The question remains, though. Should you supplement with lipase enzymes? We see no reason why you shouldn’t. However, as is the case with most enzyme supplements out there, be aware of the safety concerns associated with lipase supplements. For the most part, they are safe to consume, but do check up with your doctor before making a decision that could affect you negatively. You never know when supplements may interfere with prescription medications!

Categories: Ingredients

What is Amylase?


In today’s world, there seems to be a widespread belief that carbohydrates (more commonly referred as “carbs”) are bad for you. This couldn’t be farther from the truth.

Along with proteins and fats, carbohydrates are one of the 3 main macro-nutrients essential to the human body. Amylase is the digestive enzyme responsible for digesting carbohydrates and converting them into glucose and other forms of sugar. In this article, we will be taking a closer look at what exactly amylase is — and why it plays such a major role in your body.

So without further ado, let us begin!

What is amylase?

As we mentioned above, amylase is a digestive enzyme found in the human body. It is more specifically found in the pancreas and the salivary gland where it breaks down sugar and starch and converts them into more simple forms of sugar that can later be used for energy. While amylase is mainly found in humans, it is also found in other animals as well as plants.

Why is amylase important?

Amylase plays a key role in your body’s overall ability to digest foods. Without amylase, your body would be unable to digest carbohydrates and use them as fuel — just like your body would not be able to digest proteins without protease and fats without lipase. But here’s a little known fact: Amylase doesn’t only digest carbohydrates. It also digests dead white blood cells, or pus, and is also involved in your body’s anti-inflammatory reactions.

Remember: Amylase deficiency (or any other enzyme deficiency for that matter), is never a good thing… which brings us to our next question.

What about amylase supplements?

People who are unable to produce high levels of amylase or who wish to experience other benefits associated with this enzyme sometimes end up supplementing with amylase supplements. Amylase can be found in several digestive enzyme supplements and is often combined with other digestive enzymes such as protease and lipase for better results.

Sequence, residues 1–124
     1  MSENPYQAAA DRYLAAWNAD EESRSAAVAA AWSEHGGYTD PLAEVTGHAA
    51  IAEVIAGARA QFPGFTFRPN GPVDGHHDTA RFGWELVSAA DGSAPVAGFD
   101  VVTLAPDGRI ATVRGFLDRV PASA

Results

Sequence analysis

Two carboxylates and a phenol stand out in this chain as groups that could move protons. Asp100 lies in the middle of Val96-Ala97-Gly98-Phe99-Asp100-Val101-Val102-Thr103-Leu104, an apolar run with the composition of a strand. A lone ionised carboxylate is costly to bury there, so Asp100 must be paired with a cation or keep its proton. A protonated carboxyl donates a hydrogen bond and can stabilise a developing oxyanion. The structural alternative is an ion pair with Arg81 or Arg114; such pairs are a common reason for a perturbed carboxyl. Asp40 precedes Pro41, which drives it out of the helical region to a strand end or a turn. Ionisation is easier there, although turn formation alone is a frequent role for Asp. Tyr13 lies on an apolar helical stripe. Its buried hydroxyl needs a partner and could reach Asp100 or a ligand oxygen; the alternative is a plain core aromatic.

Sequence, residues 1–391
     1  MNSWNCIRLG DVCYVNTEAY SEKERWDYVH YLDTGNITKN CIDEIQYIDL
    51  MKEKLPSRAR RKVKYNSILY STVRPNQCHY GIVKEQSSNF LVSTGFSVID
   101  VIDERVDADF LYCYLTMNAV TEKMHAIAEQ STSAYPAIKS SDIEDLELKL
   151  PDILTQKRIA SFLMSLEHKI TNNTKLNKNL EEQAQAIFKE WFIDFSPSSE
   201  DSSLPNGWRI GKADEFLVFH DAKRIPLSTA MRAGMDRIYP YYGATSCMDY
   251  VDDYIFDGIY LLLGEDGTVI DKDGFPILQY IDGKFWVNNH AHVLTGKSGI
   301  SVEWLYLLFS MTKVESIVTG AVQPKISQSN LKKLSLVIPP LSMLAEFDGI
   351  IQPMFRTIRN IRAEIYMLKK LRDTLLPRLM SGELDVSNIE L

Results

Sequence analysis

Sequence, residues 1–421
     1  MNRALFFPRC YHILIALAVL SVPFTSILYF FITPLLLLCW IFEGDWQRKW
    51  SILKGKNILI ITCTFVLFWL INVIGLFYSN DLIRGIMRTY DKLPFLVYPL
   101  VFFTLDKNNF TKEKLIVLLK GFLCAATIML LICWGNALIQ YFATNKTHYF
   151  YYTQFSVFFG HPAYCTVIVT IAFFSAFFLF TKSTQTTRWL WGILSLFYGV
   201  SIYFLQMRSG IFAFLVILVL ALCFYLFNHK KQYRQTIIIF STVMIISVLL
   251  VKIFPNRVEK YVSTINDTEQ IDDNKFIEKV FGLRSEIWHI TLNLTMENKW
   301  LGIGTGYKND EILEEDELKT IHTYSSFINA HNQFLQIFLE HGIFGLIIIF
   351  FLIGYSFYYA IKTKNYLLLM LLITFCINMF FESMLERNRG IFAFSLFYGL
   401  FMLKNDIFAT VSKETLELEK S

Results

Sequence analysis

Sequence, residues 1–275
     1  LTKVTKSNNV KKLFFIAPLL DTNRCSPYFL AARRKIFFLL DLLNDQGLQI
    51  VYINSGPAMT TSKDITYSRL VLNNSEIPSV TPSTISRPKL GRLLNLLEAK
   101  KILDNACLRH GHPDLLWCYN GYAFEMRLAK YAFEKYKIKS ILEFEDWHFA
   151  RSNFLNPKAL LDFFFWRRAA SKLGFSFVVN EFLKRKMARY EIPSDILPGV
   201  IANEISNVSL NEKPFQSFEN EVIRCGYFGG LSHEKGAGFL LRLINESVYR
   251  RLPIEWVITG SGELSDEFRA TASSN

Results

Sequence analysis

And now to answer the question that you’ve probably been dying to ask all along: Yes, amylase supplements are safe to use and are completely natural. Aside from mild stomach discomfort that may arise as a result of taking too much amylase at one time, no other side effects are currently associated with taking amylase supplements. A good thing because amylase is definitely one of our favorite enzymes!

Categories: Ingredients

What Is Papain?


What do you know about papayas? Aside from being rich in vitamin C, folate and fiber, this delicious and exotic fruit also happens to be rich in a very special kind of digestive enzyme — namely, papain. When working in conjunction with bromelain (a proteolytic enzyme found in pineapple), papain can do wonders for your digestive system and overall health.

But what exactly are the health benefits associated with this digestive enzyme? And more importantly, how safe are papain supplements?

In this article, we will be answering all of these questions — and more. But before doing this, let’s take a closer look at what papain is.

What is papain?

As we mentioned earlier, papain is a digestive enzyme found in papaya. Often referred as papaya protease, papain aids the body with the digestion and breaking down of tough protein fibers present in most people’s everyday diet. In South America, papain is often used as a digestive support for meat. But just like the benefits of bromelain are not limited to the digestive system, the benefits of papain are also not limited to boosting digestion and maintaining a healthy digestive system.

With that being said, let’s take a look at some of the other health benefits associated with this digestive enzyme, digestion aside.